I value their honest feedback (you know who you are!), their words of encouragement (you know who you are!!), the challenges they’ve presented me with (yes, you!), and even their gentle correction when my perception was in error or I was just plain wrong (thank you, that would have been a huge mistake!).
I can certainly, absolutely take care of myself. I know that now, but thankfully, I don’t have to. Not all of the time anyway.
This annual New Year’s Day post needs a musical overture. So, I’m going to set it to another selection from the soundtrack to my grief, “Morning Has Broken”, except in my mind, I have lately come to think of it as ‘Mourning’ Has Broken.
“Morning Has Broken” is a song made popular by Cat Stevens’ (Yusuf Islam) version of it that was released in 1971. What I didn’t know until recently is that it was actually written by Eleanor Fajeon as a poem. The poem was then set to an old, Scottish tune and published as a hymn for the first time around 1931. When it appeared as a poem, its title was listed as “A Morning Song (For the First Day of Spring)”. Paul’s birthday frequently falls on the first day of Spring. The hymn was included in our church’s hymnal, and Paul and I sang it together on more Sunday mornings than I can count. The song is sweet and nostalgic, reminiscent of the simple but magnificent gift of each new day. It’s a call to gratitude.
Here are the lyrics, but my guess is that you are already humming the tune.
Morning has broken like the first morning Blackbird has spoken like the first bird Praise for the singing Praise for the morning Praise for them springing fresh from the world
Sweet the rain’s new fall, sunlit from heaven Like the first dew fall on the first grass Praise for the sweetness of the wet garden Sprung in completeness where his feet pass
Mine is the sunlight Mine is the morning Born of the one light Eden saw play Praise with elation, praise every morning God’s recreation of the new day
Morning has broken like the first morning Blackbird has spoken like the first bird Praise for the singing Praise for the morning Praise for them springing fresh from the world
Just in case you haven’t caught on yet…I love words. I always have. Before I could actually write, I would pretend to write by making excessive scribbles across pages and pages of newsprint paper that was sold in bulky pads at the grocery store. Then, I would spread them out before me or paste them to the walls in my room. Thinking back now, this must have seemed very strange to my parents, but they also must have understood my internal drive because when I was five, I was gifted with a pint-sized but fully functioning typewriter. To this day, it is one of the best gifts I have ever received. It was magical because while I was well on my way to using letters to put words together to express my thoughts, the typewriter was very nearly able keep up with my mind where my hand was not.
I believe words have power. I have always been cautious and deliberate with the way I choose my words when writing, of course, but also in talking with others. The old adage “Mean what you say and say what you mean” could be my life’s motto.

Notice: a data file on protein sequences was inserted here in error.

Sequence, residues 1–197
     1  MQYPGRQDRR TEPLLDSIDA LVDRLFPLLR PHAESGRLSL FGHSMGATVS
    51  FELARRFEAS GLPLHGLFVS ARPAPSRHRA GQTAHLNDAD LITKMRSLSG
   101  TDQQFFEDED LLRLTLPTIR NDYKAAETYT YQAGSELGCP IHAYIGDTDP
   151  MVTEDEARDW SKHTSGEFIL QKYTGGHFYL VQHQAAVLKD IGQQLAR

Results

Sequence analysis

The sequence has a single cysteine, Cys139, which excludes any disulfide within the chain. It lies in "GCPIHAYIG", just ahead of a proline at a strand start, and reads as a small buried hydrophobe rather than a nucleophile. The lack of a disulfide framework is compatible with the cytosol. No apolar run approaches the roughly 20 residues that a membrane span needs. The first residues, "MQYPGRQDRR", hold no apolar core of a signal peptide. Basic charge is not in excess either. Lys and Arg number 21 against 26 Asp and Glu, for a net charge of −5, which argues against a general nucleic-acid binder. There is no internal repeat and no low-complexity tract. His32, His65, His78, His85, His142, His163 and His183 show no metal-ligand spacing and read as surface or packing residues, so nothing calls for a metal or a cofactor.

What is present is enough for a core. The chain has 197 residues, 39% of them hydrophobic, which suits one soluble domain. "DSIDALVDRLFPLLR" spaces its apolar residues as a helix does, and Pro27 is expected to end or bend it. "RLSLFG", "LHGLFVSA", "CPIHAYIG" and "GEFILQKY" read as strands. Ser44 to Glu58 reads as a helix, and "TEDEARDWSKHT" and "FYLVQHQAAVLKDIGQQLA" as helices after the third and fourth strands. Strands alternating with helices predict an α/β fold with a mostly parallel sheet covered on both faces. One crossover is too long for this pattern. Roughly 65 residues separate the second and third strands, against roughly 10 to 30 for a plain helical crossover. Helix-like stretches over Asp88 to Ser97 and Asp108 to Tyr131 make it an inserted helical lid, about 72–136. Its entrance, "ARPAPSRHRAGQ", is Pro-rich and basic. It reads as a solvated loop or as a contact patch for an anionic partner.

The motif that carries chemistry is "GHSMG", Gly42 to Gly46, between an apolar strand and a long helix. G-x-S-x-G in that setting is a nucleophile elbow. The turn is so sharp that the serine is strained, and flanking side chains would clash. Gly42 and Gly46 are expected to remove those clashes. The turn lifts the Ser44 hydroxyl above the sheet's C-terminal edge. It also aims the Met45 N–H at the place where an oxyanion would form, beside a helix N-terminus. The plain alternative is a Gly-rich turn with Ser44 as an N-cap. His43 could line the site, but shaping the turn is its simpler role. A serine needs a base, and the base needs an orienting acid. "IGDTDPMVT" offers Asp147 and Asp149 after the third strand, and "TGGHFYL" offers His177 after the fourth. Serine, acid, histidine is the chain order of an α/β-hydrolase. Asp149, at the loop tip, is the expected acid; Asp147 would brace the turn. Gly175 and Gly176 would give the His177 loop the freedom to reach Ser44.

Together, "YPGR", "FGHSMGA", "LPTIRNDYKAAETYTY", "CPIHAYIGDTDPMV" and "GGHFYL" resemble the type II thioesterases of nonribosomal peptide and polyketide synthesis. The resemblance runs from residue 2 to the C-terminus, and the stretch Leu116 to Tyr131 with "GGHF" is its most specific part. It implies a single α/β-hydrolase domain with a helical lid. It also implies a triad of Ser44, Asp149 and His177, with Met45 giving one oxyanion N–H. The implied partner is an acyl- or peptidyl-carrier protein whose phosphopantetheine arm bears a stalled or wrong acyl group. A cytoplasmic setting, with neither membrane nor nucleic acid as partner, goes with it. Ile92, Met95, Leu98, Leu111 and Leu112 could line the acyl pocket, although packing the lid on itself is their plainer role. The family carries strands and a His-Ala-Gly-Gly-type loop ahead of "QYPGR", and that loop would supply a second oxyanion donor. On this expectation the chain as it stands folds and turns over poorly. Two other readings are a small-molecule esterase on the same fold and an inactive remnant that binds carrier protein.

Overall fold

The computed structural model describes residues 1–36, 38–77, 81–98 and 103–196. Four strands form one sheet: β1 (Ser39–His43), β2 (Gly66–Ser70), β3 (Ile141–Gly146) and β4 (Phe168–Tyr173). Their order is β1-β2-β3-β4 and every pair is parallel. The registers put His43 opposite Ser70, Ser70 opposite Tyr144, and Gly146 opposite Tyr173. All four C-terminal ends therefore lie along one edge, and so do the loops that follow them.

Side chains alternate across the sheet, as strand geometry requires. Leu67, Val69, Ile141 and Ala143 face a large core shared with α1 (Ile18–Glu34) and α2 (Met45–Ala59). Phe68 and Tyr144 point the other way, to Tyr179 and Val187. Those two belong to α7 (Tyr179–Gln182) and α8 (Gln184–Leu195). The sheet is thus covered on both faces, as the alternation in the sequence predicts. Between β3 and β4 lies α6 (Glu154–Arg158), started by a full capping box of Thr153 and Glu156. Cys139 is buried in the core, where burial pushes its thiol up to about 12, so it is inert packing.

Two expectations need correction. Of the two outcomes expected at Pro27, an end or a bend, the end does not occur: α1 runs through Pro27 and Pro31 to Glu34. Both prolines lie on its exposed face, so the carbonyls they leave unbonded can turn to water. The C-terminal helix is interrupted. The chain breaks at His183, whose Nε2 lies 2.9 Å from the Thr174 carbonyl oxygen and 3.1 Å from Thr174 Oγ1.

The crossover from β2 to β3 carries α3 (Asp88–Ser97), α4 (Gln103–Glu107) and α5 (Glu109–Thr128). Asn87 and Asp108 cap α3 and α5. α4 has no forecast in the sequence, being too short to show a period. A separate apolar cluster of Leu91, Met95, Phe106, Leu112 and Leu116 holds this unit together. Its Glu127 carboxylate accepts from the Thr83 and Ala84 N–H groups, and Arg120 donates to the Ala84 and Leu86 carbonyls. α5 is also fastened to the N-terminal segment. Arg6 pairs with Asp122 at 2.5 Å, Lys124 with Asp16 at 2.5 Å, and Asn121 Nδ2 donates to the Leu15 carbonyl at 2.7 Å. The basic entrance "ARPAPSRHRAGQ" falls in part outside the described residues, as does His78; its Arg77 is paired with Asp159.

Google provides a fascinating look at the way we use words through their Google Books Ngram Viewer. An N-gram is a word particle, word, or group of words that we can track through text or speech. Your phone’s predictive text feature uses information about N-grams to offer you choices about what you want to type next.
Google Books Ngram Viewer gives us a visual that shows us a word’s use over time. I’ve been toying lately with the words mourning and grieving to help me delineate where I am in this process. I hear and read the word grieving a lot, but I noticed that the word mourning is not as widely used and I was curious about that. Check out the Ngram Viewers for these two words.
When I look at this graph, my eyes go to the lumps and bumps, peaks and dips. Notice that the peak for the occurrence of the word mourning occurs around 1860. I immediately thought of the American civil war. Then, there’s the upward trend that appears to have begun sometime between 1980 and 1990. The war on drugs? The gulf wars? The rise of opioid deaths? Or all of the above?
Take a look at the Ngram Viewer for the word grieving.
So, like me, you might thinking, “Whoa, Nellie! What happened between 1960 and 1980?”
Well, I’ll tell you. In 1969, physician Elizabeth Kubler-Ross published her landmark book about grief, On Death and Dying: What the Dying Have to Teach Doctors, Nurses, Clergy, & Their Own Families. Through this book, she introduced her theory of the five stages of grief now known as the Kubler-Ross model and with that we, as a society and culture, had a new framework for understanding and discussing grief.
The word mourning seems more intense to me than the word grieving. Mourning is a noun while grieving is a verb, an action. A-ha! Mourning is a place and space. Grieving is something I do. Mourning seems to take place for a specific, but not given, period of time and according to the definition is marked by deep sorrow.